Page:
Characterizing spatiotemporal dynamics in phenology of urban ecosystems based on Landsat data

Sci Total Environ. 2017 Dec 15:605-606:721-734. doi: 10.1016/j.scitotenv.2017.06.245. Epub 2017 Jul 1.


Seasonal phenology of vegetation plays an important role in global carbon cycle and ecosystem productivity. In urban environments, vegetation phenology is also important because of its influence on public health (e.g., allergies), and energy demand (e.g. cooling effects). In this study, we studied the potential use of remotely sensed observations (i.e. Landsat data) to derive some phenology indicators for vegetation embedded within the urban core domains in four distinctly different U.S. regions (Washington, D.C., King County in Washington, Polk County in Iowa, and Baltimore City and County in Maryland) during the past three decades. We used all available Landsat observations (circa 3000 scenes) from 1982 to 2015 and a self-adjusting double logistic model to detect and quantify the annual change of vegetation phenophases, i.e. indicators of seasonal changes in vegetation. The proposed model can capture and quantify not only phenophases of dense vegetation in rural areas, but also those of mixed vegetation in urban core domains. The derived phenology indicators show a good agreement with similar indicators derived from the Moderate Resolution Imaging Spectroradiometer (MODIS) and in situ observations, suggesting that the phenology dynamic depicted by the proposed model is reliable. The vegetation phenology and its seasonal and interannual dynamics demonstrate a distinct spatial pattern in urban domains with an earlier (9-14days) start-of-season (SOS) and a later (13-20days) end-of-season (EOS), resulting in an extended (5-30days) growing season length (GSL) when compared to the surrounding suburban and rural areas in the four study regions. There is a general long-term trend of decreasing SOS (-0.30day per year), and increasing EOS and GSL (0.50 and 0.90day per year, respectively) over past three decades for these study regions. The magnitude of these trends varies among the four urban systems due to their diverse local climate conditions, vegetation types, and different urban-rural settings. The Landsat derived phenology information for urban domains provides more details when compared to the coarse-resolution datasets such as MODIS, thus improves our understanding of human-natural systems interactions (or feedbacks) in urban domains. Such information is very valuable for urban planning in light of rapid urbanization and expansion of major metropolitans at the national and global levels.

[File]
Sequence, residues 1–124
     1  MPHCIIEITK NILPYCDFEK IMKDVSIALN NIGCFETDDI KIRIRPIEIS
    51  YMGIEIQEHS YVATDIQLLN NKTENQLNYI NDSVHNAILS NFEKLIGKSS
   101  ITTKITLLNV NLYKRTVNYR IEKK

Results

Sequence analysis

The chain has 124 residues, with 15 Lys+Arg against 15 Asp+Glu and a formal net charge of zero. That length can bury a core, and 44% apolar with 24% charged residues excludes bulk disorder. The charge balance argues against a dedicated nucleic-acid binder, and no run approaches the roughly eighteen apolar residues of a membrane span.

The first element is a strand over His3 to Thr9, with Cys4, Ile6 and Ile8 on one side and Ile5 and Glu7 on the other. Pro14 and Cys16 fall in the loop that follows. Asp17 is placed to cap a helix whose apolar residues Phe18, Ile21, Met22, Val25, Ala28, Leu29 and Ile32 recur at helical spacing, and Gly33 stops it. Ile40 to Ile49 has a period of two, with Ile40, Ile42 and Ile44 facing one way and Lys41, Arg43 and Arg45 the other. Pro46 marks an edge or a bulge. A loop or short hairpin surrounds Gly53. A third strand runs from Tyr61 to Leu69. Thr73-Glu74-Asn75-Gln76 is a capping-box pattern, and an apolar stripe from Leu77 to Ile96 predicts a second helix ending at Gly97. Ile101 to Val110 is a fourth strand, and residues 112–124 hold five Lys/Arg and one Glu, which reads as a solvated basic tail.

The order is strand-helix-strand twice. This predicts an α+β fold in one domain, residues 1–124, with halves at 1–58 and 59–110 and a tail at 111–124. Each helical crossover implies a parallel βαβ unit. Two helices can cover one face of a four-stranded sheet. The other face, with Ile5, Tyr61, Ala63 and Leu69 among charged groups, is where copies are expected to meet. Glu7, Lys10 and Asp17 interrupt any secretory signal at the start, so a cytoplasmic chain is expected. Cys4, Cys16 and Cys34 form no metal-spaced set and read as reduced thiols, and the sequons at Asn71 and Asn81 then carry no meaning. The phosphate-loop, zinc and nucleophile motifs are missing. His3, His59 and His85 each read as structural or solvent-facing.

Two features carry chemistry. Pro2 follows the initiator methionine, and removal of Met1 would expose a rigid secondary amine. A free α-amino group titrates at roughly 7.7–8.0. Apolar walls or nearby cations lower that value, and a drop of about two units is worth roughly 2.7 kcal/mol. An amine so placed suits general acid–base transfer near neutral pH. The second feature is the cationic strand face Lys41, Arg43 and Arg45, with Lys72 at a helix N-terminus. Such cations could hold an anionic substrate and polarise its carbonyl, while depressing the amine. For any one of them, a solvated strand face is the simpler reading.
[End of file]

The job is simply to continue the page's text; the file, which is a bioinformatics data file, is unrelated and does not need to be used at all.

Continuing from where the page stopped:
Keywords: Double sigmoid; Landsat; Urban systems; Urbanization; Vegetation phenology.